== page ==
Three-dimensional transesophageal echocardiogram with a view of the mitral valve from the left atrium in patient 5. The asterisk indicates an area of calcification along the mitral-aortic curtain. The regurgitation originates mainly on either side of the calcified area. TAVI, transcatheter aortic valve implantation.

    Figure. Three-dimensional transesophageal echocardiogram with a view of the mitral valve from the left atrium in patient 5. The asterisk indicates an area of calcification along the mitral-aortic curtain. The regurgitation originates mainly on either side of the calcified area. TAVI, transcatheter aortic valve implantation.

  • Valve area: ideally, the available area should be > 4 cm2, although a smaller area can be tolerated (up to 3 cm2) provided the valves are flexible and not thickened or calcified. In the patient series presented, the average valve area was 4.14 cm2, and it was possible to implant 2 MitraClip devices without producing stenosis in 4 of the 5 patients.

The outcomes of MitraClip implantation were successful in both reducing mitral regurgitation and producing clinical improvement; mean follow-up was 9.6 months. All patients had an initial improvement in functional class to at least grade II, although at follow-up, 3 patients with severe ventricular dysfunction had deteriorated in functional status. In one of them, mitral regurgitation progressed to grade II-III.

In conclusion, MitraClip may be an option for patients with mitral regurgitation after TAVI, although complex valvular anatomies can be expected; therefore, it is advisable to perform the treatment in centers with a high patient volume. Registries are needed to define the clinical profile of the patients that may benefit most from this treatment.

CONFLICTS OF INTEREST

F. Carrasco-Chinchilla, R. Estévez-Loureiro, and X. Freixa declare a possible conflict of interest due to collaboration with Abbott vascular.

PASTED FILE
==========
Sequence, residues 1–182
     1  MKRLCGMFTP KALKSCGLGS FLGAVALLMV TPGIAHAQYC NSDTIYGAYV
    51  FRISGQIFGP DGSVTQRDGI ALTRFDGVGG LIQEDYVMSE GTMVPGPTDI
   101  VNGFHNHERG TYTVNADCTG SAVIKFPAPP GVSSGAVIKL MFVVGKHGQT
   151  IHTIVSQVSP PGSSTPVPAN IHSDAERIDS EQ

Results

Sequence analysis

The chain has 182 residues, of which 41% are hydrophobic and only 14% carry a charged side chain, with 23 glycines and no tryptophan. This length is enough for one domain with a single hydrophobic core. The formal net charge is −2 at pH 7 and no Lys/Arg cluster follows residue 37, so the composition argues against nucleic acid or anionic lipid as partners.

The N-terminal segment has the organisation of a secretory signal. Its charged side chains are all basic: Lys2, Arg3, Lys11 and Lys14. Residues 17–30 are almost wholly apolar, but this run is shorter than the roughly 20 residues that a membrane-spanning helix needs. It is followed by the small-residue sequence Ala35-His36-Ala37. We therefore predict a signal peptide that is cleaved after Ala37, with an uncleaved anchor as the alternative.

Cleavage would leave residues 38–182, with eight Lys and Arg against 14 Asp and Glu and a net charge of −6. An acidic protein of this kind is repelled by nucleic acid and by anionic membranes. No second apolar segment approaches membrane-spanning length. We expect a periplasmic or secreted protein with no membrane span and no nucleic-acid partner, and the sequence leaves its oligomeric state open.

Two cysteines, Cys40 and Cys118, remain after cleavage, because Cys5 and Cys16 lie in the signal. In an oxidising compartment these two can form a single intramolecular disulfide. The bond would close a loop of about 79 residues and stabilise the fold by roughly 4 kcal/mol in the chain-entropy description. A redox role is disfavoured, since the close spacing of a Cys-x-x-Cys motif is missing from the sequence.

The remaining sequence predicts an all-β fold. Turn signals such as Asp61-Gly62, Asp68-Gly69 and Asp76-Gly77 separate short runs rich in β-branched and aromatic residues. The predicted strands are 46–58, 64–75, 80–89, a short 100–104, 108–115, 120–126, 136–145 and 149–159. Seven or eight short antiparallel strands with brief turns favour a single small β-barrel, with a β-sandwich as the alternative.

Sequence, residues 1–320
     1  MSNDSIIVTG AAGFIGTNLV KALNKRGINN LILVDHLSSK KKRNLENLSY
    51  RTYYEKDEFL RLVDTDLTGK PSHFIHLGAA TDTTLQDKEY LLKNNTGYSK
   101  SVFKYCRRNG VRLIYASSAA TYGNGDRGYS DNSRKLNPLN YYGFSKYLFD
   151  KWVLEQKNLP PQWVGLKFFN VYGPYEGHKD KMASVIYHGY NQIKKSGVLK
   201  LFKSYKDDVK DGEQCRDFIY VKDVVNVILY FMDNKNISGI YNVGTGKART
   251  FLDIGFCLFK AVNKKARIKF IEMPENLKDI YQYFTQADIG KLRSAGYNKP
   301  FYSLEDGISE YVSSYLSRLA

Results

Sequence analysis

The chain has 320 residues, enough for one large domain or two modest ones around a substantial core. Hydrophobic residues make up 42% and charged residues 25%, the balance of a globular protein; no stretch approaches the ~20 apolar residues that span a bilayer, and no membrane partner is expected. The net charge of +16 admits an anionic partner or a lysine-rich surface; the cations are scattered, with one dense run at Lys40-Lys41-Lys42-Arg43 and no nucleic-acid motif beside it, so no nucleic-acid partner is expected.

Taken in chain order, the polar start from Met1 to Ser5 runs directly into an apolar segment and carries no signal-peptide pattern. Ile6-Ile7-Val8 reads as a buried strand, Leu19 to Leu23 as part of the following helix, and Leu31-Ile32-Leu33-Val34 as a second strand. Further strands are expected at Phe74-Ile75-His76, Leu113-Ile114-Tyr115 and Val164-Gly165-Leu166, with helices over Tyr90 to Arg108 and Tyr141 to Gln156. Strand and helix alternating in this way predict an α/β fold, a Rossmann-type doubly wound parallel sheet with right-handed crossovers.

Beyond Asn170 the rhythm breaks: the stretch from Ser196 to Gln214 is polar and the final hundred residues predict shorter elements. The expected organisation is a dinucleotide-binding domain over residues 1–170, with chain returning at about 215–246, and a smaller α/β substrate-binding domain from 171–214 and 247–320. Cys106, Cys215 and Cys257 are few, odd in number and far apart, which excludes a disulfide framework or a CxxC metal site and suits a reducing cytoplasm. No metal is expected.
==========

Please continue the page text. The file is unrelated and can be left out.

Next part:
Corresponding author: fernandocarrascochinchilla@gmail.com

Bibliography

1. Cortés C, Amat-Santos IJ, Nombela-Franco L, et al. Mitral regurgitation aftertranscatheter aortic valve replacement: prognosis, imaging predictors, and potential management. JACC Cardiovasc Interv. 2016;9:1603-14.
2. Hekimian G, Detaint D, Messika-Zeitoun D, et al. Mitral regurgitation in patients referred for transcatheter aortic valve implantation using the Edwards-SAPIEN prosthesis: mechanisms and early postprocedural changes. J Am Soc Echocardiogr. 2012;25:160-5.
3. Kische S, D’Ancona G, Paranskaya L, et al. Staged total percutaneous treatment of aortic valve pathology and mitral regurgitation: institutional experience. Catheter Cardiovasc Interv. 2013;82:E552-63.
4. Carrasco-Chinchilla F, Arzamendi D, Romero M, et al. Initial experience of percutaneous treatment of mitral regurgitation with Mitraclip® therapy in Spain. Rev Esp Cardiol. 2014;67:1007-12.
5. Estévez-Loureiro R, Arzamendi D, Carrasco-Chinchilla F, et al. Usefulness of MitraClip for the treatment of mitral regurgitation secondary to failed surgical annuloplasty. Rev Esp Cardiol. 2016;69:446-8.
6. Li C-H, Arzamendi D, Carreras F. Papel de las técnicas de imagen en el tratamiento percutáneo de la insuficiencia mitral. Rev Esp Cardiol. 2016;69:421-36.

1885-5857/© 2017 Sociedad Española de Cardiología. Published by Elsevier España, S.L.U. All rights reserved

Cookies
x
To improve our services and products, we use cookies (own or third parties authorized) to show advertising related to client preferences through the analyses of navigation customer behavior. Continuing navigation will be considered as acceptance of this use. You can change the settings or obtain more information by clicking here.
Cookies policy
x
To improve our services and products, we use cookies (own or third parties authorized) to show advertising related to client preferences through the analyses of navigation customer behavior. Continuing navigation will be considered as acceptance of this use. You can change the settings or obtain more information by clicking here.